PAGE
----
Indonesia Wildfires Cost $16.1 Billion in 2015: World Bank

BenarNews Staff

2015-12-15
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151215-ID-fires-620 A villager looks at a peatland fire on the outskirts of Palangkaraya city, Central Kalimantan, Oct. 26, 2015.
AFP

Wildfires between June and October that burned 2.6 million hectares (6.4 million acres) cost Indonesia an estimated U.S. $16.1 billion while millions in the region suffered, according to the Indonesia Economic Quarterly report issued Tuesday by The World Bank.

“The vast economic and environmental crisis is repeated year after year, as a few hundred businesses and a few thousand farmers seek to profit from land and plantation speculation practices, while tens of millions of Indonesians suffer health costs and economic disruptions,” the report stated.

$16.1 billion is 1.9 percent of Indonesia’s gross domestic product and more than double the reconstruction cost following the 2004 Aceh tsunami that killed thousands of people, according to the report.

“Now is the time for Indonesia to address the underlying drivers of man-made fires, enforce laws and revise policies in order to reduce the risk of these economic disasters from recurring,” The World Bank said.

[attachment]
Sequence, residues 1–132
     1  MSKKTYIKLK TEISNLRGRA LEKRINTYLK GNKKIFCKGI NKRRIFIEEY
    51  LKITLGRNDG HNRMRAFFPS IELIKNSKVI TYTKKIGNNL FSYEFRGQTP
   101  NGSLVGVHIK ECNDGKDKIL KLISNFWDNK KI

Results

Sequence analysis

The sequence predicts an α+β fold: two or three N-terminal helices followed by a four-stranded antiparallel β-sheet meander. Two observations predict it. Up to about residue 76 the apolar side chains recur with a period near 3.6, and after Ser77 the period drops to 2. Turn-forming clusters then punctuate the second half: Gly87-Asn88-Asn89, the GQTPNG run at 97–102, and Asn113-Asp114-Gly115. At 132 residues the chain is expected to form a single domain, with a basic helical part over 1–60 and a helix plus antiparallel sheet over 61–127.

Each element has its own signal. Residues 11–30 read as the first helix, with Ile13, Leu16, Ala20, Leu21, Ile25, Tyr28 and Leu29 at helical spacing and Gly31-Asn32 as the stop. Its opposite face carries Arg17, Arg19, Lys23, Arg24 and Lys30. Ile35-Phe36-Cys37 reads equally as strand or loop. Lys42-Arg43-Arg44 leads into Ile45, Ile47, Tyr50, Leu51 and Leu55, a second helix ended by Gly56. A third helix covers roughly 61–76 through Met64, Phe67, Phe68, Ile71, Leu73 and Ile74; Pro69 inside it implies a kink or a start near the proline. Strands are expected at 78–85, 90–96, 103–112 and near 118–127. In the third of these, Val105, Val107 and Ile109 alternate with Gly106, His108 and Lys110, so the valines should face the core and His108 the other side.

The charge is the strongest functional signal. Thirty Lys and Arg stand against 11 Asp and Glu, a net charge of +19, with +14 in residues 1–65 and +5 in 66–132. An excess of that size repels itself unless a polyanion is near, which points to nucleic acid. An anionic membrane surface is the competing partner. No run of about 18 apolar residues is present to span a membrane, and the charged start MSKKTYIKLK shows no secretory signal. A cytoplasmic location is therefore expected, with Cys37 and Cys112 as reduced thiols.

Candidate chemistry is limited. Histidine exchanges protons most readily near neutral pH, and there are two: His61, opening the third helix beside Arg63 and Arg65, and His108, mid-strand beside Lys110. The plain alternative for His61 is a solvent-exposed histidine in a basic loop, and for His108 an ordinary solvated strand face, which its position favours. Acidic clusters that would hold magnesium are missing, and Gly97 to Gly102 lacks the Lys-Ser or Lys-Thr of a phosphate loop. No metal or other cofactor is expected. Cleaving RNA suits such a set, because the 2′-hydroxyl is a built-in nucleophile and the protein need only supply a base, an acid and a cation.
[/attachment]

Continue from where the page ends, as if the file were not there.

Few people benefit

The fires, which covered an area 4½ times the size of Bali, were driven largely by palm oil production, according to the report. Peatland fires to clear land for palm oil plantations accounted for about a third of the blazes and created a noxious haze that disrupted trade, transportation and tourism, closed schools and negatively affected people’s health.

In early October, smog forced schools to close across Malaysia, hospitalized dozens in southern Thailand and forced international sporting events in Kuala Lumpur and Singapore to be cancelled.

In September and October, during the peak of this year’s especially noxious fires, Indonesia’s daily greenhouse gas emissions exceeded daily emissions from the entire U.S. economy on 26 days, according to the World Resources Institute (WRI), a Washington D.C.-based environmental group. The U.S. economy is 20 times larger than Indonesia’s.

“These areas store some of the highest quantities of carbon on earth, accumulated over thousands of years,” WRI said in October. “Draining and burning these lands for agricultural expansion (such as conversion to oil palm or pulpwood plantations) leads to huge spikes in greenhouse gas emissions.”

The profits from palm oil amount to at least U.S. $3,077 per hectare in three years, but the benefits extend to a select few, The World Bank said. About 85 percent of the cash flow goes to those able to take a financial risk such as plantation developers.

In October, President Joko Widodo called for a moratorium that would effectively halt the legal conversion of peatland into agricultural land and for peatland restoration, The World Bank reported.

Indonesian officials on Thursday plan to name the companies responsible for the illegal fires and suspend their business licenses while determining if they should face charges of breaching environmental laws, The Strait Times reported.

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